Call for Papers

CfP Special Issue on "Smart Cities - Smart Governance Models for Future Cities"

No longer accepting submissions

Guest Editors


As of 2010 half of the world population lived in urban areas and 150 metropolitan urban regions across the world generated almost 50% of the global GDP. In other words, from then on, cities became more and more the places, where a process of deep societal and economic reform should start from, where global issues may be addressed locally, where smart technology may be discussed. Definitively, cities have a sufficient critical mass in both demographic and economic terms to ignite a planetary revolution.

The concept of a smart city is understood as the specific use of advanced information and communication technologies for a sustainable, social, ecological and economic development of urban space. The focus of a smart city is on the access, processing and use of information to improve existing urban processes. The acquisition, collection and analysis of urban (real-time) data and the coordination of data use with Internet- and web-based services has opened up new possibilities for increasing economic, social, natural and infrastructural resource efficiency and improving the quality of life. 

However, the technology-focused perspective excludes two essential aspects that are of high importance for a "future city": Preservation of knowledge and involvement of the citizens in the design process. Solutions (e.g., digital platforms, civic (tech) events) designed by and with citizens promote transparent and participatory collaboration that enables the development of a smart living environment. In this respect, it is important that civil society is willing to cooperate and that public administrations take these efforts seriously. With regards to aspects of the socio-technical approach, it is important that technical and human factors have equal weight in the design process of new smart city models. This citizen-centered approach makes it possible to develop new socio-economic and participatory models that promote, for example, solidarity, social inclusion and communities. This becomes particularly relevant in the field of governance (D’Onofrio et al. 2019).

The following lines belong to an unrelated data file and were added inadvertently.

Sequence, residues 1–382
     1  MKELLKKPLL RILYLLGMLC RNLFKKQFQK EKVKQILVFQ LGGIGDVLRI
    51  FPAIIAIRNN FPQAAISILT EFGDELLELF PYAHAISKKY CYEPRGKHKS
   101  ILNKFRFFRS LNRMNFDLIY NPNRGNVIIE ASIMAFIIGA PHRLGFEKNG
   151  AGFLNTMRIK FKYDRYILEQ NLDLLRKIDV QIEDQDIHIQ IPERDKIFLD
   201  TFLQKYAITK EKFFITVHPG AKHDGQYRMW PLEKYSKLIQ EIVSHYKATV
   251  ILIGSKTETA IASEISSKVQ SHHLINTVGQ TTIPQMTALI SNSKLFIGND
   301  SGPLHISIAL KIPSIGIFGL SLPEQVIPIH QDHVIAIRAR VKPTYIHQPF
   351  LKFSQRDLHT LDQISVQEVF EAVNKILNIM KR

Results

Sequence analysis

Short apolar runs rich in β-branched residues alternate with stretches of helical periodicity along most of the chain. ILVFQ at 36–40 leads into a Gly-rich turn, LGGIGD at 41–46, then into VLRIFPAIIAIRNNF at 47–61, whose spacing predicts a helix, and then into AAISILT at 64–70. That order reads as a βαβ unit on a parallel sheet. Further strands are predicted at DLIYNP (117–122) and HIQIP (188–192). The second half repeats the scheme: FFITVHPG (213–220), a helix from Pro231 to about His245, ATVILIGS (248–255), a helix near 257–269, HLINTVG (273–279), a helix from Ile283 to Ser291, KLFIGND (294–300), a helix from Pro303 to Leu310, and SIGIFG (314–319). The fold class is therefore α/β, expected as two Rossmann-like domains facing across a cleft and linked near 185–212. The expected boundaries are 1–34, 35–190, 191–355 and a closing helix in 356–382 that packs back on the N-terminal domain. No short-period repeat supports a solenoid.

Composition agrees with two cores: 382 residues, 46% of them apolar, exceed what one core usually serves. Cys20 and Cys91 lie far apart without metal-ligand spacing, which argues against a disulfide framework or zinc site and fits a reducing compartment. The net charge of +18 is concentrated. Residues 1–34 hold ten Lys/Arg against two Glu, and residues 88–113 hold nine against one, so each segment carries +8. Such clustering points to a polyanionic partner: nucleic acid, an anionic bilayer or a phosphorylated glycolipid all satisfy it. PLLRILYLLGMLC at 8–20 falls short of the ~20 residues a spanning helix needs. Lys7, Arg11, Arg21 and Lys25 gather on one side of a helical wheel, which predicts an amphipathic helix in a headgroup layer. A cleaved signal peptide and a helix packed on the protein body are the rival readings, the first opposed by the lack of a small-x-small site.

With this in mind, in this special issue, we intend to help cities better understand the strengths and weaknesses of the governance of their infrastructures. On that account, with a focus on cities efficiency, sustainability, and resilience (see Portmann & Finger 2016; Portmann et al. 2019), we invite researchers to submit their paper addressing an innovative handling of societal challenges, presenting novel economic models to govern them as well as technological prototypes and frameworks to have an impact.

Central issues and topics

This special issue of the Electronic Markets Journal will focus on new, innovative approaches to smart governance models for future cities that may improve existing processes and models of governance and will change/improve the interaction and communication between citizens and representatives of the public sector. They should discuss how their approaches and solutions enable enhanced ways of information exchange and communication between citizens and representatives of the public sector, how new models can improve existing government models and thus how urban knowledge can be preserved and be used for future cities.